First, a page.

There is a Japanese design concept / aesthetic called wabi-sabi. Loosely defined, wabi-sabi represents the acceptance of transience and the beauty of imperfection. When I approach an interiors photography shoot, I look to convey that transience into the beauty of the room design. It can be subtly conveyed in a creased pillow, an indentation in a chair, running water, an open door, or an animal wandering in or out. Adding this playfulness or spontaneity lends an intimacy and everyday realness to the images.
On some shoots we get lucky. There might be a personable and cooperative pet who keeps us company as we shoot - following us from room to room. Some are even posers, in the very best sense of the word. They act as the transience I am looking for, adding charm, humor, personality and approachability.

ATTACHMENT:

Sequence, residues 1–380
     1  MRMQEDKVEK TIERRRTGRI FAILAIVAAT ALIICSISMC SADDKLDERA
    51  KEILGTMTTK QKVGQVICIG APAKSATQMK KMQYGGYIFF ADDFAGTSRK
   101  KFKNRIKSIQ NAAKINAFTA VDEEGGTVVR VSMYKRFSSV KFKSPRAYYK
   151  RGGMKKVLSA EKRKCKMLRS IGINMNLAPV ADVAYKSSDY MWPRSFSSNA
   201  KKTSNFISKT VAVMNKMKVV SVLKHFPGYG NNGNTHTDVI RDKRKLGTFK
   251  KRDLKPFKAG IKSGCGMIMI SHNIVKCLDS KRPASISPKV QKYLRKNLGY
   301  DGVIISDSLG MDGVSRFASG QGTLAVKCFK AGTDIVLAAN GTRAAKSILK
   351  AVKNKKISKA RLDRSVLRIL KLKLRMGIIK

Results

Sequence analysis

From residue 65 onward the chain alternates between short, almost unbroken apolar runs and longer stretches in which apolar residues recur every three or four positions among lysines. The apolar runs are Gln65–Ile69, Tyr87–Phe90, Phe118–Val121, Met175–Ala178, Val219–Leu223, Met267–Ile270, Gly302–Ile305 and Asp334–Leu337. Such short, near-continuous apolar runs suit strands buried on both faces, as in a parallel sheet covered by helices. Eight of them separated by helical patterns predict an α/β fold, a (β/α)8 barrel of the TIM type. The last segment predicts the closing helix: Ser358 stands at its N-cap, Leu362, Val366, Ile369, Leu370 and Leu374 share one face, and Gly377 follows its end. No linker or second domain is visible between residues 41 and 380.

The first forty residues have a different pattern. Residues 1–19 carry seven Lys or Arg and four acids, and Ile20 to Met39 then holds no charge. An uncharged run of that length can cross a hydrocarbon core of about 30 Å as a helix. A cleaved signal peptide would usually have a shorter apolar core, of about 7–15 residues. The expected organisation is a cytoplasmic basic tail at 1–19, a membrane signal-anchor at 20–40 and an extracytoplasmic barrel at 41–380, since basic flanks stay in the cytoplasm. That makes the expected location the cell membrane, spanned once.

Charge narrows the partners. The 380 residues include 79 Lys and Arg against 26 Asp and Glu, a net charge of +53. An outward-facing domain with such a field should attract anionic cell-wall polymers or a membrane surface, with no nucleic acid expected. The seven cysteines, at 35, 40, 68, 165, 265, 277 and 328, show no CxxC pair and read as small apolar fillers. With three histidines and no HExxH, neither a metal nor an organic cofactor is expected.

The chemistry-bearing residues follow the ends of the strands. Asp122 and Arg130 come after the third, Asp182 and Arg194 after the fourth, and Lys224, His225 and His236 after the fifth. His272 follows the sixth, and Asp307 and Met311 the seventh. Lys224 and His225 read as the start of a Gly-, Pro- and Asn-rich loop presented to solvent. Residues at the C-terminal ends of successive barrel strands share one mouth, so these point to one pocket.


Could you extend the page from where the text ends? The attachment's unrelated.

Adding Intimacy to Interiors
The character above is Louie. Though a senior citizen with a propensity for wandering out the front door on a moments notice, he quickly won over the whole crew at a recent shoot with designer Fannie Allen at this colorful Menlo Park residence. He patiently cooperated, turning his head this way and that for the perfect profile and mood. Of course a cookie was not too far out of range.
As you can see he adds a breezy spark to an already cheery, sophisticated room.
Adding animals, and other wabi-sabi elements, adds a sense of unpredictability and intimacy that elevates the images. Give it a try!